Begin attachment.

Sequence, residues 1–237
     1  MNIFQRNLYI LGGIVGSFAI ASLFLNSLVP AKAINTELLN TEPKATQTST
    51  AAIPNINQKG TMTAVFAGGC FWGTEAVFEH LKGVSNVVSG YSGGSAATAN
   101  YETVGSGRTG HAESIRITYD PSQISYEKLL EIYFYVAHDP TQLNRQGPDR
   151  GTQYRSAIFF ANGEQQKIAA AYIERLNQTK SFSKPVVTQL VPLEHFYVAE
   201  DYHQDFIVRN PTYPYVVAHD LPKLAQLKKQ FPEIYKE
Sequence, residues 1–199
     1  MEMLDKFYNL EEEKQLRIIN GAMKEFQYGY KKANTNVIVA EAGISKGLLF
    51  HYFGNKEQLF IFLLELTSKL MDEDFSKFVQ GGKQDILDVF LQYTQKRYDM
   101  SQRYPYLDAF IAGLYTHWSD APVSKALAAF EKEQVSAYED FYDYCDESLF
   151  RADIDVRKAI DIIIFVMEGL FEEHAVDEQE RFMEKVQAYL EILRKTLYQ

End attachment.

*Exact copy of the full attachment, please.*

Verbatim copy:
Sequence, residues 1–237
     1  MNIFQRNLYI LGGIVGSFAI ASLFLNSLVP AKAINTELLN TEPKATQTST
    51  AAIPNINQKG TMTAVFAGGC FWGTEAVFEH LKGVSNVVSG YSGGSAATAN
   101  YETVGSGRTG HAESIRITYD PSQISYEKLL EIYFYVAHDP TQLNRQGPDR
   151  GTQYRSAIFF ANGEQQKIAA AYIERLNQTK SFSKPVVTQL VPLEHFYVAE
   201  DYHQDFIVRN PTYPYVVAHD LPKLAQLKKQ FPEIYKE
Sequence, residues 1–199
     1  MEMLDKFYNL EEEKQLRIIN GAMKEFQYGY KKANTNVIVA EAGISKGLLF
    51  HYFGNKEQLF IFLLELTSKL MDEDFSKFVQ GGKQDILDVF LQYTQKRYDM
   101  SQRYPYLDAF IAGLYTHWSD APVSKALAAF EKEQVSAYED FYDYCDESLF
   151  RADIDVRKAI DIIIFVMEGL FEEHAVDEQE RFMEKVQAYL EILRKTLYQ